Julian Assange is “dangerously close” to being extradited to the US after losing his latest legal appeal, his family and observers of his long-running legal challenge say.
His lawyers say they will appeal again to the same court, amid growing fears he could spend the rest of his life in prison for publishing thousands of classified military and diplomatic documents.
In a three-page judgment handed down on Tuesday, UK high court judge Justice Jonathan Swift rejected all eight grounds of Assange’s appeal against the US’s extradition order, signed by then UK home secretary Priti Patel in June last year.
But Assange’s wife, Stella Assange, said her husband would make a “renewed application for appeal to the high court” next week.
The matter would then be heard before two new judges in a public hearing, Stella Assange said.
“And we remain optimistic that we will prevail and that Julian will not be extradited to the United States where he faces charges that could result in him spending the rest of his life in a maximum security prison for publishing true information that revealed war crimes committed by the US government.”
Assange’s father, John Shipton, said his son’s grounds for a further hearing were “clear, firm and just”.
“Julian’s family watch on, horrified, and all fair-minded people the world over watch with profound disquiet and alarm,” he said.
Assange’s appeal argued that Patel, as home secretary, erred in her decision to approve the extradition order because the request violated the US-UK extradition treaty which states “extradition shall not be granted if the offence for which extradition is requested is a political offence”. His legal team has consistently maintained that the US desire to try Assange is politically motivated.
The appeal also argued Assange was being prosecuted for protected speech, and that the extradition request itself was an abuse of process.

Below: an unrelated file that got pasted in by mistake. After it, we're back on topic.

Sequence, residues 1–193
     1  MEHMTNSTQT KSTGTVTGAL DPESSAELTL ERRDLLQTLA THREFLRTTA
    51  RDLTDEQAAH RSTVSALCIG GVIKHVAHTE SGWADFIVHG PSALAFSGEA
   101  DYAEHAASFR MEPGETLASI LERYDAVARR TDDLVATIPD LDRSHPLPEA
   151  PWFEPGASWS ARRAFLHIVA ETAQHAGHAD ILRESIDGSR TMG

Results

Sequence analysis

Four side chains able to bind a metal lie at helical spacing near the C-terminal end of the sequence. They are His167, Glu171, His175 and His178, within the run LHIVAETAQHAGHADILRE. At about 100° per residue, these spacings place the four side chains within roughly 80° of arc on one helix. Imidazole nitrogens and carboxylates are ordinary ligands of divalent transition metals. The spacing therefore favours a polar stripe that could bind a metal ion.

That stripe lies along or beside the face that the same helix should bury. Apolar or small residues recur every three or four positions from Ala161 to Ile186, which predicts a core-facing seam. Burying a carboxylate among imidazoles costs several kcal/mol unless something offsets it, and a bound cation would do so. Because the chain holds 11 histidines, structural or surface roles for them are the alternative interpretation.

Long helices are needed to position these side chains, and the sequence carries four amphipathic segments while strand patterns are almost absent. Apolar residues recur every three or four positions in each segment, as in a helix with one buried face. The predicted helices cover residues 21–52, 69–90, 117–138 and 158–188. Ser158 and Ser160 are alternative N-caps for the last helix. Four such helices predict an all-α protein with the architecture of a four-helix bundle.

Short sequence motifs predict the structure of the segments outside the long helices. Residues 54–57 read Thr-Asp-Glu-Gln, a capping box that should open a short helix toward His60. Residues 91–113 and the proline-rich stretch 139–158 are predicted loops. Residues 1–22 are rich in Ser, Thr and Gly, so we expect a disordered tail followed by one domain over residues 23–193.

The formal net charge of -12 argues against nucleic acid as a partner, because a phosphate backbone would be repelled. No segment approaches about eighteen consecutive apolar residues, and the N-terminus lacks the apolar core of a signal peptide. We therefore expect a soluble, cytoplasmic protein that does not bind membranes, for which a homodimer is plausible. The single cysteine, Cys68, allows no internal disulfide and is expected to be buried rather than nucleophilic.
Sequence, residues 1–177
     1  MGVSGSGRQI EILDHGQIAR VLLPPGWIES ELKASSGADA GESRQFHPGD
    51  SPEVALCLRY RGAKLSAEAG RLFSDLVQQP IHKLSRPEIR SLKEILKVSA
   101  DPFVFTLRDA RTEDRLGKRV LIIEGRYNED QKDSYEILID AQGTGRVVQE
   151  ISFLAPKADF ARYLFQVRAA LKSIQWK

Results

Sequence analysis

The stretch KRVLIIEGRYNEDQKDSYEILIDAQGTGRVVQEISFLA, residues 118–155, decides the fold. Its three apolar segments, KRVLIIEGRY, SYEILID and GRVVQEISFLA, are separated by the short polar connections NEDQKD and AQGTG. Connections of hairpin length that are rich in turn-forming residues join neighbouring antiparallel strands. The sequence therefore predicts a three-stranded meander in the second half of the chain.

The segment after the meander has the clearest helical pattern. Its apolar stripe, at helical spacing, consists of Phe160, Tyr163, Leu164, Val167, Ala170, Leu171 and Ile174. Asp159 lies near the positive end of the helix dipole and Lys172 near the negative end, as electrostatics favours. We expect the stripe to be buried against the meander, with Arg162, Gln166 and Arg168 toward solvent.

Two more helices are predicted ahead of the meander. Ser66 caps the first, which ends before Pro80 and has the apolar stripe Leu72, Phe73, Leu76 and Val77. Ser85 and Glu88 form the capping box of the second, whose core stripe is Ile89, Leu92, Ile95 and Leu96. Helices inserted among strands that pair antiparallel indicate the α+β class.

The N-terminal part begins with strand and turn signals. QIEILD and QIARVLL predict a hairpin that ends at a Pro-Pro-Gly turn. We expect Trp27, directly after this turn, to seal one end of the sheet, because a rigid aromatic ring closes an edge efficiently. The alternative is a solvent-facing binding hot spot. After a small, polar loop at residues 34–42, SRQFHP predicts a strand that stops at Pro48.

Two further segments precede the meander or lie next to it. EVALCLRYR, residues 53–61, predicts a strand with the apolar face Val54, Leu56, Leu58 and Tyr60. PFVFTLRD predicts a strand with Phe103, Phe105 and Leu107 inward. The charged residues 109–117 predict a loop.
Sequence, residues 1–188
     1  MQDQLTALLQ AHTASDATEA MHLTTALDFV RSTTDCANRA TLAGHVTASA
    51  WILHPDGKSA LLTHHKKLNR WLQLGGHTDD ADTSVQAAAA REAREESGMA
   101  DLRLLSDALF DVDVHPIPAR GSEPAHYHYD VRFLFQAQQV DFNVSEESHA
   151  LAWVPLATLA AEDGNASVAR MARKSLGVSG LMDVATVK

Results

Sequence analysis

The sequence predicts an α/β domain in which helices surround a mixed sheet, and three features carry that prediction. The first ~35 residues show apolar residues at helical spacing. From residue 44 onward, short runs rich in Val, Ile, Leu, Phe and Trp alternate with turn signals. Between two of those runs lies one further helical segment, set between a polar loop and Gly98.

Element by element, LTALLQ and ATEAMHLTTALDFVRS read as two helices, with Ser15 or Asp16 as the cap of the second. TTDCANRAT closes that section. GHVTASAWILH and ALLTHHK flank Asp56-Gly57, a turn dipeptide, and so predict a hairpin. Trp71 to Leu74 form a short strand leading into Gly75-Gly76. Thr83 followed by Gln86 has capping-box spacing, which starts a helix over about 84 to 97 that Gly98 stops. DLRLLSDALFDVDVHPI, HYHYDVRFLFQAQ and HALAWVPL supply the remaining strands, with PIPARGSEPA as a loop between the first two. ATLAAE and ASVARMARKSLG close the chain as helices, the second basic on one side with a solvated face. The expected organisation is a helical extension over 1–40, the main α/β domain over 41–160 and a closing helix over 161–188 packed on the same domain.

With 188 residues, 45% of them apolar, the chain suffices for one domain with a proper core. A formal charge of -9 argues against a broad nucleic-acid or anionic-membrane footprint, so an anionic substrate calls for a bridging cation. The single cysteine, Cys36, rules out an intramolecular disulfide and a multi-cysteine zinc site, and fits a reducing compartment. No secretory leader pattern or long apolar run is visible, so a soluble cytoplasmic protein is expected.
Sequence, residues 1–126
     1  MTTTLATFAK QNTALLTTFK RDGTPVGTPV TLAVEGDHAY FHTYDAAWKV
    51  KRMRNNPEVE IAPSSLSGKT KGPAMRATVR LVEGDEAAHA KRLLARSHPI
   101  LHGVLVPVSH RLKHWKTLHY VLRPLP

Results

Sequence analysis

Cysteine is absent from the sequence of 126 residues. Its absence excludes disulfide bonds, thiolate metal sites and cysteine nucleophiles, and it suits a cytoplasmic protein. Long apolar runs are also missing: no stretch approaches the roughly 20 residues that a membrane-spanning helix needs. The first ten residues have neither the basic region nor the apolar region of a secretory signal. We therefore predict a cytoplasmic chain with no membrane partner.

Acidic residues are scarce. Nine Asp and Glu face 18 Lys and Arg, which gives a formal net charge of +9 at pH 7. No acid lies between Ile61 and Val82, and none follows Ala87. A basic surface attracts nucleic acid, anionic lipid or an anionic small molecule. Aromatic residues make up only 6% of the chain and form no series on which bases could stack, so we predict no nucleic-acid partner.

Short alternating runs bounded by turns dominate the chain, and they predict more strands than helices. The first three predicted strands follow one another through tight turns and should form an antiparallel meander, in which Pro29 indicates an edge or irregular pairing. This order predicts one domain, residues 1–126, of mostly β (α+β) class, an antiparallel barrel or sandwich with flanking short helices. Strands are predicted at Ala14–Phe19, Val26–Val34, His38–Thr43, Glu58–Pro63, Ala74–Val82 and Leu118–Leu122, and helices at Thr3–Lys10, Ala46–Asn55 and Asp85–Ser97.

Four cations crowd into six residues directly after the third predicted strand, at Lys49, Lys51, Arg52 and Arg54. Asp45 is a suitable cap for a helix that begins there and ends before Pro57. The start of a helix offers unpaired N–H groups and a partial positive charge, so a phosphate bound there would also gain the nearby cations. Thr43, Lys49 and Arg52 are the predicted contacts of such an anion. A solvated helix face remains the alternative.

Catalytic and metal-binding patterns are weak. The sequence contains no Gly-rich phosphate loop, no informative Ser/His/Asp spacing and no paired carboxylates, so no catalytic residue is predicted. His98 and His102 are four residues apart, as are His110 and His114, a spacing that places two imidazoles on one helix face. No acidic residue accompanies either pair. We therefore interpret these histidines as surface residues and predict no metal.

Assange’s legal team has also said the US government has consistently misrepresented the core facts of the case to the British courts.
Swift’s rejection of the appeal grounds leaves only one final step in the UK courts: the defence has five working days to submit an appeal of 20 pages to a panel of two judges, who will convene a public hearing.
There are no further appeal avenues at the domestic level. Assange could still fight the extradition at the European court of human rights, which last December confirmed that an application from Assange had been received.
Assange’s brother, Gabriel Shipton, told the Guardian the high court rejection of his appeal was a serious development, “that leaves him dangerously close now to extradition”.
Shipton said the moments of setback were “the toughest” for his brother.
“These times are always very hard for Julian in the prison. He’s obviously focused on this next appeal … but he’s not doing well. This saga’s been going on 13 years and it is taking its toll on his body and on his mind.
“But he still has a fighting spirit, we’re just hoping he makes it through this.”
Shipton said the Australian government’s public statements it was advocating for Assange’s release were insufficient.
“We’ve been hearing this ‘enough is enough’ for over a year, it rings hollow now, these strange platitudes from the government about ‘making representations’. What has that achieved? Nothing has changed, and the Australian government can certainly be doing more.”
Rebecca Vincent, director of campaigns with Reporters Sans Frontieres said RSF was deeply concerned by the high court judgment
“It is absurd that a single judge can issue a three-page decision that could land Julian Assange in prison for the rest of his life and permanently impact the climate for journalism around the world.
“The historical weight of what happens next cannot be overstated; it is time to put a stop to this relentless targeting of Assange and act instead to protect journalism and press freedom. Our call on President Biden is now more urgent than ever: drop these charges, close the case against Assange, and allow for his release without further delay.”
Assange faces 18 charges over WikiLeaks’ publication of classified documents, largely the result of a leak by the former US army intelligence analyst Chelsea Manning. Manning was sentenced to 35 years in prison but released after President Barack Obama commuted her sentence in 2017.
If convicted, Assange faces a combined total sentence of up to 175 years in prison.
He has been held, in deteriorating health, in Belmarsh prison for more than four years, as he has contested the US extradition order.